Displaying echoed nongraphic ASCII characters as a two-character sequence of the form
^C(i.e., the ASCII caret character followed by the ASCII character that is the character’s value offset from the ASCII
Each of these formatting services can be disabled individually by a process through control requests.
Interprocess communication in 4.4BSD is organized in communication domains. Domains currently supported include the local domain, for communication between processes executing on the same machine; the internet domain, for communication between processes using the TCP/IP protocol suite (perhaps within the Internet); the ISO/OSI protocol family for communication between sites required to run them; and the XNS domain, for communication between processes using the XEROX Network Systems (XNS) protocols.
Within a domain, communication takes place between communication endpoints known as sockets. As mentioned in Section 2.6, the socket system call creates a socket and returns a descriptor; other IPC system calls are described in Chapter 11. Each socket has a type that defines its communications semantics; these semantics include properties such as reliability, ordering, and prevention of duplication of messages.
Each socket has associated with it a communication protocol. This protocol provides the semantics required by the socket according to the latter’s type. Applications may request a specific protocol when creating a socket, or may allow the system to select a protocol that is appropriate for the type of socket being created.
Sockets may have addresses bound to them. The form and meaning of socket addresses are dependent on the communication domain in which the socket is created. Binding a name to a socket in the local domain causes a file to be created in the filesystem.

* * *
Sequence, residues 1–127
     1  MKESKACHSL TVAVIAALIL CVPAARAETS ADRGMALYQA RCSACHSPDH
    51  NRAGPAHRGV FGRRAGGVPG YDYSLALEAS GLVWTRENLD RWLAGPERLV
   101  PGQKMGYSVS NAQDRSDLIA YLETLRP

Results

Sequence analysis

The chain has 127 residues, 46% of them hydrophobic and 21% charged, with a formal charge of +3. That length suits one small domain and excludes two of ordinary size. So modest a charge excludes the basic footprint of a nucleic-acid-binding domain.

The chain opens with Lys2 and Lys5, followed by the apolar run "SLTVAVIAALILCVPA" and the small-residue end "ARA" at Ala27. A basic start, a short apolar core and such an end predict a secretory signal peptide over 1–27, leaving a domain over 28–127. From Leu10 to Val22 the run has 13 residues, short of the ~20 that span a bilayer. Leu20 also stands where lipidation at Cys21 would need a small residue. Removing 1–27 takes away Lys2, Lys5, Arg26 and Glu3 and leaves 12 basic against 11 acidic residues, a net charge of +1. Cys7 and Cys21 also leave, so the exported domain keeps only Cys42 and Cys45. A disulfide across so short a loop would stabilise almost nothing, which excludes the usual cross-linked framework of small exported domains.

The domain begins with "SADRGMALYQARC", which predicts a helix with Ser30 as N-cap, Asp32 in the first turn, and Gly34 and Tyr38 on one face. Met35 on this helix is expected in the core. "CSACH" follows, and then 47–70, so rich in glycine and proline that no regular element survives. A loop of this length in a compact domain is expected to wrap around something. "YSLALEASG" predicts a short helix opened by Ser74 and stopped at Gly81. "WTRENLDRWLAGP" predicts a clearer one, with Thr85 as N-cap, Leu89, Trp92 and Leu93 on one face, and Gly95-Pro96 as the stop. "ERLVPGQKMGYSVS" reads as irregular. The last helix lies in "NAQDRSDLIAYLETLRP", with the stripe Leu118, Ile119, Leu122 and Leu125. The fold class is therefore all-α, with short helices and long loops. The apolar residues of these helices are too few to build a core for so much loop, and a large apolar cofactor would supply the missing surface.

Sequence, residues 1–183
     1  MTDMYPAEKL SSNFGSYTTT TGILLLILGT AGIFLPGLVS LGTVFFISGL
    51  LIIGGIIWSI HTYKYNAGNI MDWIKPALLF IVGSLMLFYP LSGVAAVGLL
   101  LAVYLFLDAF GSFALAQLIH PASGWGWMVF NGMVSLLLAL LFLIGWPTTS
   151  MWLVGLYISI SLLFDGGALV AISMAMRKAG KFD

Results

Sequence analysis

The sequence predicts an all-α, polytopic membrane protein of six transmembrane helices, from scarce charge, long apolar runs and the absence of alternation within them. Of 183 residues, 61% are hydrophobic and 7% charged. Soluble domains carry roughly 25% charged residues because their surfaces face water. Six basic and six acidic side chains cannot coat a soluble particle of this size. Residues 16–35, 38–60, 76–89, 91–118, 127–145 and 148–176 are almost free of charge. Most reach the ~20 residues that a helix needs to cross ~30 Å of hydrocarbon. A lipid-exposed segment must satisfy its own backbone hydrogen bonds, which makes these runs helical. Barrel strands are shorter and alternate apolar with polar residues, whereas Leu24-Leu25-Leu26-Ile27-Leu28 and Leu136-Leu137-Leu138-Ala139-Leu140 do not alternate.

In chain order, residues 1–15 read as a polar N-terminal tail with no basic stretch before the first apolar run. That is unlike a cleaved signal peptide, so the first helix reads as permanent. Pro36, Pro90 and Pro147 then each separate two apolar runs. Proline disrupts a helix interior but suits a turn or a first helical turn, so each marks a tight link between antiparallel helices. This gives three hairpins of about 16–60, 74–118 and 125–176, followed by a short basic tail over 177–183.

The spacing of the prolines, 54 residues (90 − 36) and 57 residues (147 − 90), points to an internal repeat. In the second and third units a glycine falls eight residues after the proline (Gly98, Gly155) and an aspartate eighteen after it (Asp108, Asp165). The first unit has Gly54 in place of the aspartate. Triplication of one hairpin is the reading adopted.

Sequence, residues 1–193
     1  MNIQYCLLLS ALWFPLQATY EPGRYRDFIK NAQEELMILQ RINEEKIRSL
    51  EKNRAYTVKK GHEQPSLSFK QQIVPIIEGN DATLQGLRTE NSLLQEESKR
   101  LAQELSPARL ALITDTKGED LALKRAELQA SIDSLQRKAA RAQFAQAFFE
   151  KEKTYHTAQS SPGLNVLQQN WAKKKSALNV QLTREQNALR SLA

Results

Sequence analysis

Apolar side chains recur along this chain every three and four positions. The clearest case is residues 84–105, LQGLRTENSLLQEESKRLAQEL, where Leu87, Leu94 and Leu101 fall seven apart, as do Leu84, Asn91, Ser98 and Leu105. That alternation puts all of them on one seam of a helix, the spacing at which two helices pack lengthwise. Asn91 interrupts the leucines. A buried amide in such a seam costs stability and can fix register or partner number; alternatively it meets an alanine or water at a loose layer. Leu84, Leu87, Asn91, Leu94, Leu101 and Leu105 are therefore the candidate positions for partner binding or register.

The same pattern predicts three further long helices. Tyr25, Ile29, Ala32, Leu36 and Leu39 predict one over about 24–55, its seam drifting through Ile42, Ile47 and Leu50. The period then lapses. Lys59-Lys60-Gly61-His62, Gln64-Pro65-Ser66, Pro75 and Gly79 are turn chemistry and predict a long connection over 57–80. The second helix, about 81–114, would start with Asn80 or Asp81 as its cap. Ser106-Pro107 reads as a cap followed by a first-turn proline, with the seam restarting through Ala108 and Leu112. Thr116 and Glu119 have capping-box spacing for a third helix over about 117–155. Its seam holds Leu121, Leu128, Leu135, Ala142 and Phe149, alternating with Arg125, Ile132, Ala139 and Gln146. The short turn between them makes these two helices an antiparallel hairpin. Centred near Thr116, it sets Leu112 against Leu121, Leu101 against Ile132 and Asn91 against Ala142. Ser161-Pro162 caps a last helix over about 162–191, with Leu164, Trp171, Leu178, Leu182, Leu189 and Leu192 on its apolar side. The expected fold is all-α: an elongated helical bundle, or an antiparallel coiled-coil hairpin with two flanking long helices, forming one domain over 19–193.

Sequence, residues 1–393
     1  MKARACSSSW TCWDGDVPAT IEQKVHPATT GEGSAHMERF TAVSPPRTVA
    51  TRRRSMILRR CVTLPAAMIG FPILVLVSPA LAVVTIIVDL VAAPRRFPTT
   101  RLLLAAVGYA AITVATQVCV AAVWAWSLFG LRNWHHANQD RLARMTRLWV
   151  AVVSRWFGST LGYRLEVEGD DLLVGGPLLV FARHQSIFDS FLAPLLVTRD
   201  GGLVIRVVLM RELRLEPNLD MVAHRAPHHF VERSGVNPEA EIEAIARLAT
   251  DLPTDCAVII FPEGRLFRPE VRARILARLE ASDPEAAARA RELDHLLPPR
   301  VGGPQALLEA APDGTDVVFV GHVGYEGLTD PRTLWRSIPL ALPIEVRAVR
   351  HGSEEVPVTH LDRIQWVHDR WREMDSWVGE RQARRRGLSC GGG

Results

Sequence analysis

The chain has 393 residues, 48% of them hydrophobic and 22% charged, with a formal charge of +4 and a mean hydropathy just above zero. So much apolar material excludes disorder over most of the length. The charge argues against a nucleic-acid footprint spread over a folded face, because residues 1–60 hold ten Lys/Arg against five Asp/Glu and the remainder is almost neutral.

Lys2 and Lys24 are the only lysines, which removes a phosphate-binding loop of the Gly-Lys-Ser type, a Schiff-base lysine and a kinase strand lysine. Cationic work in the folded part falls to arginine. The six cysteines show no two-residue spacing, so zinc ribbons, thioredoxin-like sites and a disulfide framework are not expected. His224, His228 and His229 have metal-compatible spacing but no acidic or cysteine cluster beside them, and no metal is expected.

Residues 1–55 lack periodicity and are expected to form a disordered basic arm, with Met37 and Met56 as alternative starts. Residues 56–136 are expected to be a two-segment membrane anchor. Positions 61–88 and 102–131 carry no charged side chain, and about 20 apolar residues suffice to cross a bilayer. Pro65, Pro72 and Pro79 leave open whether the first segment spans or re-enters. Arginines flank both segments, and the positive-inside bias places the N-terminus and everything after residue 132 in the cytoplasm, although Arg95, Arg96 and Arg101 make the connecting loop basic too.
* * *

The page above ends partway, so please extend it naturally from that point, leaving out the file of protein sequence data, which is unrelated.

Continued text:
Normal data transmitted and received through sockets are untyped. Data-representation issues are the responsibility of libraries built on top of the interprocess-communication facilities. In addition to transporting normal data, communication domains may support the transmission and reception of specially typed data, termed access rights. The local domain, for example, uses this facility to pass descriptors between processes.
Networking implementations on UNIX before 4.2BSD usually worked by overloading the character-device interfaces. One goal of the socket interface was for naive programs to be able to work without change on stream-style connections. Such programs can work only if the read and write systems calls are unchanged. Consequently, the original interfaces were left intact, and were made to work on stream-type sockets. A new interface was added for more complicated sockets, such as those used to send datagrams, with which a destination address must be presented with each send call.
Another benefit is that the new interface is highly portable. Shortly after a test release was available from Berkeley, the socket interface had been ported to System III by a UNIX vendor (although AT&T did not support the socket interface until the release of System V Release 4, deciding instead to use the Eighth Edition stream mechanism). The socket interface was also ported to run in many Ethernet boards by vendors, such as Excelan and Interlan, that were selling into the PC market, where the machines were too small to run networking in the main processor. More recently, the socket interface was used as the basis for Microsoft’s Winsock networking interface for Windows.
Some of the communication domains supported by the socket IPC mechanism provide access to network protocols. These protocols are implemented as a separate software layer logically below the socket software in the kernel. The kernel provides many ancillary services, such as buffer management, message routing, standardized interfaces to the protocols, and interfaces to the network interface drivers for the use of the various network protocols.